Tuesday, January 20, 2015

Ron Sovine Outstanding Citizen

Being a part of the community means more than just living it, according to Ron Sovine, this year’s Outstanding Citizen of Jeanerette. Sovine will be honored by the Jeanerette Chamber of Commerce along with other achievers in the community on Feb. 6 at the Ward Eight Recreation Center.
Although Sovine did not grow up in Jeanerette, he found Jeanerette to be the perfect community for him when he moved to it in 2001.
“It’s historic and on the Teche,” he said. “I like waterways. I’ve always lived in a small town even when I lived in Dallas and Houston. I never liked big cities.”
 Shortly after becoming a resident, he decided to take an active role by helping in the community through his volunteer efforts.
 “I would like for Jeanerette to grow and be a better place to live. I like to do what I can to make that happen,” Sovine said.
Sovine said he was honored and humbled to be chosen as Jeanerette’s Citizen of the Year but added that “there’s a lot of deserving people in this town.”
He encourages everyone that lives in the community to help it grow and become a better place to live. Sovine has many goals for the city which he hopes to help it achieve.
“I want to see Jeanerette become a Main Street community,” he said. “I want to see the historic district become a thriving economic entity. I would also like to see Jeanerette go into the 21st century with Wifi and available free hot spots down Main Street.”
Sovine said that Jeanerette was the perfect place for citizens to live and work because of its location between Lafayette and Morgan City.
 “It’s an ideal location for people who work,” he said. “People who are used to commuting 20 to 30 miles would find Jeanerette attractive. It could be a bedroom community because property is inexpensive.”Growth of the city, is something that city leaders should address and become more aggressive on to grow the city’s tax base, Sovine added. He also said that Jeanerette is ideal for small businesses.
 “Jeanerette has a lot of walk up customers and people that don’t drive. Small businesses whose main emphasis is walk up customers would capture those that want to shop locally,” Sovine said.
Sovine has been an outstanding member of the community serving in various organizations for many years. His inspiration and drive has led the city to expand towards historic preservation and economic development. Sovine has recently been one of the organizers of the first Jeanerette Live community event to bring recognition to the city along with a bonding of the civic, public and nonprofit organizations. His achievements have included serving as a certified local government coordinator for the City of Jeanerette.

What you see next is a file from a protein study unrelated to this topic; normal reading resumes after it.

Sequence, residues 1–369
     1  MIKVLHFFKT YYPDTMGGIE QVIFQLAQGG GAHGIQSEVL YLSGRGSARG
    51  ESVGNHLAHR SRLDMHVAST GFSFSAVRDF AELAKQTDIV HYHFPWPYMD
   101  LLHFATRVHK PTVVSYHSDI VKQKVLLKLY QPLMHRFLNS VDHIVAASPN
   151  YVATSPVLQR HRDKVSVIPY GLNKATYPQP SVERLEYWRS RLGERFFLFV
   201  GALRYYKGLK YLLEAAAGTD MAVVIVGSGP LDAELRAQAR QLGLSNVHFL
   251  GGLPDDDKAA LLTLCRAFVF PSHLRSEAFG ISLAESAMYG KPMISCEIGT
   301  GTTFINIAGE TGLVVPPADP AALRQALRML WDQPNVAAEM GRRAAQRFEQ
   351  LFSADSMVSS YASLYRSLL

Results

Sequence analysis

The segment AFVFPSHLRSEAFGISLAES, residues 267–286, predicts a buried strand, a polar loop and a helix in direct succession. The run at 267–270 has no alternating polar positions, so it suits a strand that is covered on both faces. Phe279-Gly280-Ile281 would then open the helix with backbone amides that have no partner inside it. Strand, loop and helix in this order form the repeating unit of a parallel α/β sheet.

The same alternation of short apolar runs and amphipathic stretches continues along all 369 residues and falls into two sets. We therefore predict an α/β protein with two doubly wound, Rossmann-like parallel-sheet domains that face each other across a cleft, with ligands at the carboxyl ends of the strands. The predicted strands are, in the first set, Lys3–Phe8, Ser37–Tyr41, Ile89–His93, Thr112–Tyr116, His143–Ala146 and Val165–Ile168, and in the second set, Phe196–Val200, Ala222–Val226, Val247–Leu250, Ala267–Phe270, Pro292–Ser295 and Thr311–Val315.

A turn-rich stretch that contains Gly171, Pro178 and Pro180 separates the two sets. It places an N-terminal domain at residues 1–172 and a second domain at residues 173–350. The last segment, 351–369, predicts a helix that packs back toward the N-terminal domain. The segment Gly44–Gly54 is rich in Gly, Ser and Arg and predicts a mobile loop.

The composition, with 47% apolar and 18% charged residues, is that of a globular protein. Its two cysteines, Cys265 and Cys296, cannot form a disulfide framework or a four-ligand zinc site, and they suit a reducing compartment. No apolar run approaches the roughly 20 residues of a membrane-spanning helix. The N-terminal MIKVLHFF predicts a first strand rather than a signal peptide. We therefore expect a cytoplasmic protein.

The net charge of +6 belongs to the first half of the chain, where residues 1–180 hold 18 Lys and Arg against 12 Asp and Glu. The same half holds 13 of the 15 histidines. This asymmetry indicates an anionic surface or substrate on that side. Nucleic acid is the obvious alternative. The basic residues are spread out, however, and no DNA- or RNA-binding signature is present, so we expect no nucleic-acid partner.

Sovine also serves as chairman of the Jeanerette Historic Advisory Commission where he has been a commissioner since 2005 to aid in the preservation efforts of the Historic District.
Sovine has served on the board of directors of the Jeanerette Bicentennial Park and Museum for over two terms where he has helped the museum with technology and also worked towards the development of the new Historic Jeanerette Walking Tour.
Sovine is also a dedicated member of the Jeanerette Landmark Society where he has served on the board of directors since 2011 and has held the office of treasurer. He is also serves in the Jeanerette Historic Preservation Foundation and can often be seen helping at many fundraisers for various non profit organizations.
Sovine is currently employed as an I.T. Consultant for the Oil and Gas Industry and was employed as an I. T. Professional by Atlantic Richfield Company.
Sovine holds a Bachelor of Science degree in zoology from Louisiana State University and a Master of Science degree in computer science from the University of Southwestern Louisiana. He is a graduate of Woodlawn High School of Baton Rouge and is married to Elizabeth Bourgeois Sovine. The couple has three children and two grandchildren.

Signpost to Freedom

The Jeanerette Museum is hosting a public film viewing of the one hour documentary, Signpost to Freedom: The 1953 Baton Rouge Bus Boycott, at 6 p.m. on Wednesday, Feb. 11. The film, produced by  Louisiana Public Broadcasting, recounts the circumstances and events that led to the nation’s first large-scale boycott protesting segregation and then examines its impact on the evolution of grassroots civil rights activism across the country during the early years of America's Civil Rights Movement. For more information on this free film viewing, contact the museum Tuesday-Friday from 10 a.m. to 4 p.m. at 337-276-4408, visit their webpage at www.jeanerettemuseum.com.

State Museum Exhibit Arrives

The Jeanerette Museum is hosting the traveling exhibit, The World Will Move: Civil Rights & Public Transportation in Louisiana 1860s-1950s from Jan. 26 through March 20. The exhibit from the Louisiana State Museum uses vintage photographs, prints, newspaper articles and artifacts to tell the story of African Americans who challenged discrimination on streetcars, steamboats, trains and buses.

Museum Opens Time Capsule

Jeanerette Museum Board Chairman Andre Rosamond and Vice Chairman Gail Garcia hold the time capsules that were dug up during the museum's celebration, Yesterday's Tomorrows held on November 9, 2014.
The time capsule had been buried for 10 years. The museum also opened a local exhibit, Jeanerette Through Photos, 1900-2000. The exhibit remains on view at the museum. Also during the day, the museum celebration included music by Gal Holiday and the Honky Tonk Revue.